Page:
Parents also mentioned interactions that they viewed as evidence of an "expert syndrome." In these cases, parents felt that the attitude coming from staff was, "You couldn't possibly know what you're talking about." One parent described a critical distinction between those personnel who talk with parents as opposed to those who talk at them. Teachers can maintain their expertise as educators while fully acknowledging the information and insights held by parents. The interplay of these complementary roles can greatly enrich the outcome for students.
      Talk with parents about how they want to share information. Successful collaboration requires effective ongoing communication between home and school. Some participants thought that having one school person as the primary contact would be helpful. Several parents in this study did not want their primary contact to be a special educator, for fear that this would lessen the feelings of ownership on the part of the general educator for the child's progress. Yet consistent communication with a person who really knew the child and his or her unique learning characteristics was important.
      Teachers need to ask parents which school representative they would like to communicate with, how frequently, and through which means (for example, combinations of meetings, phone calls, and written communication). Moreover, parents' preferences for involvement may change over time given a variety of factors such as the child's age and the family's circumstances.
      Several families found home visits by school staff very helpful. Parents felt that opportunities to visit with children in their homes might give staff insight into children's capabilities that had not been demonstrated at school.
      Use everyday language. Parents often felt excluded from the planning process when professionals used unfamiliar educational terms when discussing test results, staffing patterns, and ways of organizing and identifying services. One parent referred to this practice as "blowing all that smoke." As another put it: What does it mean "30 minutes three times a week," "one plus one," "parallel curriculum"?....When you do that stuff you just close out the parent. As soon as you use language that's exclusive of parents, they're gone.
      It is an unfortunate irony that in order to graduate from many teacher preparation programs, preservice teachers must master a professional lexicon that ultimately creates significant barriers to being effective in their professions.
      Create effective forums for planning and problem solving. Yearly review meetings, mandated by law, are held for each child with an Individualized Education Plan (IEP). During these meetings, school personnel and parents (and students at the secondary level) review assessments, make placement decisions, determine children's services, and identify individual goals. The parents I interviewed described these formal meetings as some of the most difficult interactions they experienced during the year. They used such phrases as "very intimidating" to describe them, adding that they felt at times like token participants in discussions about their children.
      In contrast to these formal yearly reviews, at least six of the children involved in this study were the focus of regularly scheduled team meetings, composed of teachers, parents, related service providers, and occasionally teaching assistants. Although evaluations of these meetings varied greatly, parents indicated that, compared to the formal meetings, they felt more comfortable discussing their children in an atmosphere that recognized achievements, friendships, interesting stories, and humorous anecdotes. As one mother put it, When we go to team meetings, a lot of times it is a celebration. That's how it feels. By George, we're doing something right here—it's working!The literature offers direction for districts interested in developing their expertise in the arena of team planning for individual children (Giangreco 1996, Giangreco et al. 1993, Thousand and Villa 1992).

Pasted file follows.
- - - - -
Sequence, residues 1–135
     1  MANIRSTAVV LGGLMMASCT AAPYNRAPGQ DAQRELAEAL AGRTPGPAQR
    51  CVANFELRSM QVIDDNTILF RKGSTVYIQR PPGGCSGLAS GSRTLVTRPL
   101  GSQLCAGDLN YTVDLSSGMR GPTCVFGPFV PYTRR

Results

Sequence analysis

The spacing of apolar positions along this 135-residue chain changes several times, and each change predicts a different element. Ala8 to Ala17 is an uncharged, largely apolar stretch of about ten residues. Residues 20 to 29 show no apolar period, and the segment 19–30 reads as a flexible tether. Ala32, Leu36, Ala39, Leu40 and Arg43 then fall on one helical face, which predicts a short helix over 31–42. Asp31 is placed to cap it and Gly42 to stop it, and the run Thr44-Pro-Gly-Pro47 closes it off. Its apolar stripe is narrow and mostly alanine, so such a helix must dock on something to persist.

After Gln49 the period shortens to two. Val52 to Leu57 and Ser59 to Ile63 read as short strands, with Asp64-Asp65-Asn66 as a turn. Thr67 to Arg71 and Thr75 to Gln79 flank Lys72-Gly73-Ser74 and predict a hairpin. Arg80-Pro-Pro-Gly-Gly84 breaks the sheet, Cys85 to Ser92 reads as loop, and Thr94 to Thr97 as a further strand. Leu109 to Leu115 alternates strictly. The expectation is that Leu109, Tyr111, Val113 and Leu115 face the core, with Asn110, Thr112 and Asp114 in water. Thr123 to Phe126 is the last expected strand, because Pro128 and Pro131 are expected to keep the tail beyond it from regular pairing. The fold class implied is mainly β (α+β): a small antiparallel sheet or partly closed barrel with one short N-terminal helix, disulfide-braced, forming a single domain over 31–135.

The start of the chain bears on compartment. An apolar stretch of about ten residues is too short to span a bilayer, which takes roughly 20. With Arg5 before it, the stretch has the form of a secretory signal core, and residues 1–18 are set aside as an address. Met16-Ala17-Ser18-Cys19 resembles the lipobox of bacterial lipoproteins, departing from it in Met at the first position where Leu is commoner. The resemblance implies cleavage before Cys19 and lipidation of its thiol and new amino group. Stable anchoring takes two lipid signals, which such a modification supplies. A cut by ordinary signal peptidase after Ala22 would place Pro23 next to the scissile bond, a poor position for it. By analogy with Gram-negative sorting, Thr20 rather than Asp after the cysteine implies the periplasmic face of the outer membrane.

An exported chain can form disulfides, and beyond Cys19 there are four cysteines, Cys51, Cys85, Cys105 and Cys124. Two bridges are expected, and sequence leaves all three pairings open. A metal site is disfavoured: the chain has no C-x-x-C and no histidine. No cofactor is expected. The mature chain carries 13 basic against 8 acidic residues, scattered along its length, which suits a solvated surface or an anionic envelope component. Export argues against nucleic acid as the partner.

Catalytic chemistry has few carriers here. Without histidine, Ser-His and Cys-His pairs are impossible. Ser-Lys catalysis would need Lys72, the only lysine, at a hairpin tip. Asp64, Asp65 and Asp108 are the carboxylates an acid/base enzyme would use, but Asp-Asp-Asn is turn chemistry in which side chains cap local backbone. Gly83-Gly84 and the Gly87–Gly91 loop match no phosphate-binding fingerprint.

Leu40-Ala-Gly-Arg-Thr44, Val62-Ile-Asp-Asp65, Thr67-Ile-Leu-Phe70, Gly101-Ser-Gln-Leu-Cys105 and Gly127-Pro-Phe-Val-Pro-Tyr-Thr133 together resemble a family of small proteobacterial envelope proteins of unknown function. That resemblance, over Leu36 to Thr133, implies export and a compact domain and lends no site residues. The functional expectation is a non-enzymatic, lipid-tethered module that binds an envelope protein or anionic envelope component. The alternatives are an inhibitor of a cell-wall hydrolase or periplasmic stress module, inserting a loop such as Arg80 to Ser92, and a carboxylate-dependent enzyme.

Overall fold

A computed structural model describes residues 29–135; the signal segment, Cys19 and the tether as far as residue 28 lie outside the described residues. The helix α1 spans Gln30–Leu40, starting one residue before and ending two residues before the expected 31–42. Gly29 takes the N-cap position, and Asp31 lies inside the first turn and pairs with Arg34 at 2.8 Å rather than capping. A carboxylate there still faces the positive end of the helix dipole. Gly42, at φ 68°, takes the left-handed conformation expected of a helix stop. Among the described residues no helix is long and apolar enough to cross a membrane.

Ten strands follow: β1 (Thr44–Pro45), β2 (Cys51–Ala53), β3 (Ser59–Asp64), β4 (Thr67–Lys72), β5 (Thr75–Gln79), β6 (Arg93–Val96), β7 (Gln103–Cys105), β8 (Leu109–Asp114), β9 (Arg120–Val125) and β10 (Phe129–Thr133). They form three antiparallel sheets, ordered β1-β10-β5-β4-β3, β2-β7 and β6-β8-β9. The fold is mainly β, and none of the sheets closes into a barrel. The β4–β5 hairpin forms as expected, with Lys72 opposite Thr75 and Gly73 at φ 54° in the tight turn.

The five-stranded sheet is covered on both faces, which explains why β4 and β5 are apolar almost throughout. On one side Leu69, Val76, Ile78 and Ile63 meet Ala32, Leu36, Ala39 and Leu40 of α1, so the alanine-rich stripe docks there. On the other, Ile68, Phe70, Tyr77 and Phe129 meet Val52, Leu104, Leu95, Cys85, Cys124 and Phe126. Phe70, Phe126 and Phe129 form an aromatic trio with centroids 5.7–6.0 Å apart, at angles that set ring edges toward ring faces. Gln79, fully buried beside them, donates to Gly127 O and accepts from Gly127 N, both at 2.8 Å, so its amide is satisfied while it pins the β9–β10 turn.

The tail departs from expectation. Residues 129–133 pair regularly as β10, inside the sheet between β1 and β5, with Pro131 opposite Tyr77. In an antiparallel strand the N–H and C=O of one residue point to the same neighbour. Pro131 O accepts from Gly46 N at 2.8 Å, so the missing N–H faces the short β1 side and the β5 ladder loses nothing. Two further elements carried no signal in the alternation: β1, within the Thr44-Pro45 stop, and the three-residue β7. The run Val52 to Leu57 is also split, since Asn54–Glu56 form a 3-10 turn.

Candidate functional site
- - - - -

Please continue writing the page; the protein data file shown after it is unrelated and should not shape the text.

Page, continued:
Build long-term schoolwide plans that offer full membership to all children. Several of the parents I interviewed had advocated extensively for a general class placement for their child. Schools will not become proficient in building alliances with these families until general class membership, with adequate supports, is the norm for children with disabilities. These findings reinforce calls from parents and others in the educational community for districts to develop long-term schoolwide plans to offer full membership to all students, not just set up programs for children in response to the requests of individual parents (Gartner and Lipsky 1987, Stainback and Stainback 1990). Teachers can actively support such restructuring (with appropriate safeguards to ensure adequate resources). Such efforts will result in inclusive settings becoming available to those children whose parents are not in a position to pursue such extensive advocacy actions.

      Gartner, A., and D. Lipsky. (1987). "Beyond Special Education: Toward a Quality System for all Students." Harvard Educational Review 57, 4: 367-395.

      Giangreco, M. F. (1996). Vermont Interdependent Services Team Approach: A Guide to Coordinating Educational Support Services. Baltimore: Paul H. Brookes.

      Giangreco, M. F., C. J. Cloninger, and V. S. Iverson. (1993). Choosing Options and Accommodations for Children (COACH). Baltimore: Paul H. Brookes.

      Harry, B. (1992). Cultural Diversity, Families, and the Special Education System. New York: Teachers College Press.

      Harry, B., M. Grenot-Scheyer, M. Smith-Lewis, H. Park, F. Xin, and I. Schwartz. (1995). "Developing Culturally Inclusive Services for Individuals with Severe Disabilities." The Journal of The Association for Persons with Severe Handicaps 20, 2: 99-109.

      Stainback, S., and W. Stainback. (1990). "Inclusive Schooling." In Support Networks for Inclusive Schooling, edited by W. Stainback, and S. Stainback. Baltimore: Paul H. Brookes.

      Thousand, J. S., and R. Villa. (1992). "Collaborative Teams: A Powerful Tool in School Restructuring." In Restructuring for Caring and Effective Schools, edited by R. A. Villa, J. S. Thousand, W. Stainback, and S. Stainback. Baltimore: Paul H. Brookes.

      End Notes

      1 Parents' names are pseudonyms.

      Linda Davern has been a contributor to Educational Leadership.